Most effectively, C’est du Chinois offers a visceral understanding of the language barrier for immigrants. Despite the friendly Mandarin lesson leading up to the tale, the (English-speaking) audience’s understanding of the families’ story is always fragmentary. It is precisely the confusion and even occasional frustration of the language gap that leads us to genuine empathy by the play’s end, not to mention the desire to continue learning beyond our own borders.

Ganesh versus the Third Reich

The concept for Ganesh versus the Third Reich is staggering: the Indian god Ganesh travels through Nazi Germany to confront Adolf Hitler and reclaim the ancient Hindu symbol of the swastika.

This fantastical imagined history confronts the shifting meaning of signs and questions of cultural appropriation, particularly through a metatheatrical layer about the theater company that decides to stage this contentious story. As the director (portrayed by Luke Ryan) and actors (Mark Deans, Simon Laherty, Scott Price, and Brian Tilley) delve into the play, the ensemble begins to question the representations they are performing on stage. Can a non-Jew portray concentration camp refugee, for instance? Who would dare tackle the hated role of Hitler? How would a hypothetical audience respond to representations of a culture and religion not their own? Is this story is even theirs to tell?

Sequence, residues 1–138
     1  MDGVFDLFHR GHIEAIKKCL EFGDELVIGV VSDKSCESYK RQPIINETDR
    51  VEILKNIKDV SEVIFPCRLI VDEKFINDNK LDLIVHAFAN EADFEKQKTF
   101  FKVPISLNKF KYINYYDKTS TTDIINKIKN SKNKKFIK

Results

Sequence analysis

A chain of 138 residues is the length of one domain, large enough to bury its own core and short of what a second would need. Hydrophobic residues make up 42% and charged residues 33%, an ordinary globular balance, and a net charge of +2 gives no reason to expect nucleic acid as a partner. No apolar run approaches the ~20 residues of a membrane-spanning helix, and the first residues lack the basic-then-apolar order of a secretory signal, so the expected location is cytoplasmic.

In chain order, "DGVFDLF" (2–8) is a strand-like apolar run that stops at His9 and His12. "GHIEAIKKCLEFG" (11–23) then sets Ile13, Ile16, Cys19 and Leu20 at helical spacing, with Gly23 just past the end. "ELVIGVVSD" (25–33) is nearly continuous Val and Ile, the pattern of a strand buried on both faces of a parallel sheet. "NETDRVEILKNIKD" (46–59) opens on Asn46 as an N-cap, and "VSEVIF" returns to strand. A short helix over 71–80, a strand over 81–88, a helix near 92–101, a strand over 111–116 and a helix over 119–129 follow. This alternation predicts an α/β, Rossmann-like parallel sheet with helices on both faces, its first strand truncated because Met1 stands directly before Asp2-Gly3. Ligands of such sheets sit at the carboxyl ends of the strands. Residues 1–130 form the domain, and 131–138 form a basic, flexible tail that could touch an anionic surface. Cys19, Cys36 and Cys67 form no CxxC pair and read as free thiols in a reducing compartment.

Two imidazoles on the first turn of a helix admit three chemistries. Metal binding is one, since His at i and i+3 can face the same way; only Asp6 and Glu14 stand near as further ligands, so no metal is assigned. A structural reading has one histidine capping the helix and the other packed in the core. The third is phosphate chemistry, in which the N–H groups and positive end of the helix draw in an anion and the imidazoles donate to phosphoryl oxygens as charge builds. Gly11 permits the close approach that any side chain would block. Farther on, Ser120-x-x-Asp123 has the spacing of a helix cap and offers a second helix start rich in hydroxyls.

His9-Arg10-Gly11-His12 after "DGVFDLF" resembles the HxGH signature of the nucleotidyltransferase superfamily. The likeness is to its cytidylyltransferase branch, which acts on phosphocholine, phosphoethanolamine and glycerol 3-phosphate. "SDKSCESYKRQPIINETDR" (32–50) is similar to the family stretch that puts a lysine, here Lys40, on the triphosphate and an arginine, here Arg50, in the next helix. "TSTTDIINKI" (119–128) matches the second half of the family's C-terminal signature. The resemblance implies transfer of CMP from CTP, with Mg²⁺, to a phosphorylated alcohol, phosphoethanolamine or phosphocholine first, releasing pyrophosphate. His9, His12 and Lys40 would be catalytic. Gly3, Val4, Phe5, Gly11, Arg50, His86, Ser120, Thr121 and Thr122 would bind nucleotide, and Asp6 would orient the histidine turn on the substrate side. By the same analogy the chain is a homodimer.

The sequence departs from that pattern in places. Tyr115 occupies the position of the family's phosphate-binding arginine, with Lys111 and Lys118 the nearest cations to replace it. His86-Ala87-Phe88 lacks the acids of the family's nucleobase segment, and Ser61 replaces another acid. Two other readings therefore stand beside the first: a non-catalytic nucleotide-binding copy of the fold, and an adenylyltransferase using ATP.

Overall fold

This complexly layered piece would be remarkable enough, but add to this the fact that Back to Back Theatre is an Australian ensemble of actors with disabilities. Individuals with disabilities are often unrepresented or misrepresented on stage and in the media – perceived to be freaks of nature and “degenerative” humans, as Dr. Mengele suggests in the play-within-the-play. Just as the elephant-headed lord of obstacles Ganesh aims to reclaim a Hindu symbol, then, Back to Back Theatre seeks to reclaim the representation of disability on stage.

The metatheatrical layer of Ganesh versus the Third Reich may be full of heavy-handed questions, but the play within the play complicates the audience’s notions of disability with the sheer force of performance and theatricality. I actually wish Ganesh had lingered longer in the play within a play, where the actors do not play “actors with disabilities,” but assume powerful roles such as the booming god Ganesh, the Fuhrer, and other positions that are not defined by disability. Director and designer Bruce Gladwin transports the audience to a different world in these moments; the actors draw layers of plastic curtains across the stage to set the scene, and hazy lighting and sharp sound design amplify the talents of this troupe of players.

Always self-aware in its theatricality, Ganesh versus the Third Reich raises a host of unanswerable questions about cultural representations that continue to haunt me beyond the theater. This review only begins to scratch the surface of this smart theatrical work and the necessary political conversations that Back to Back has begun.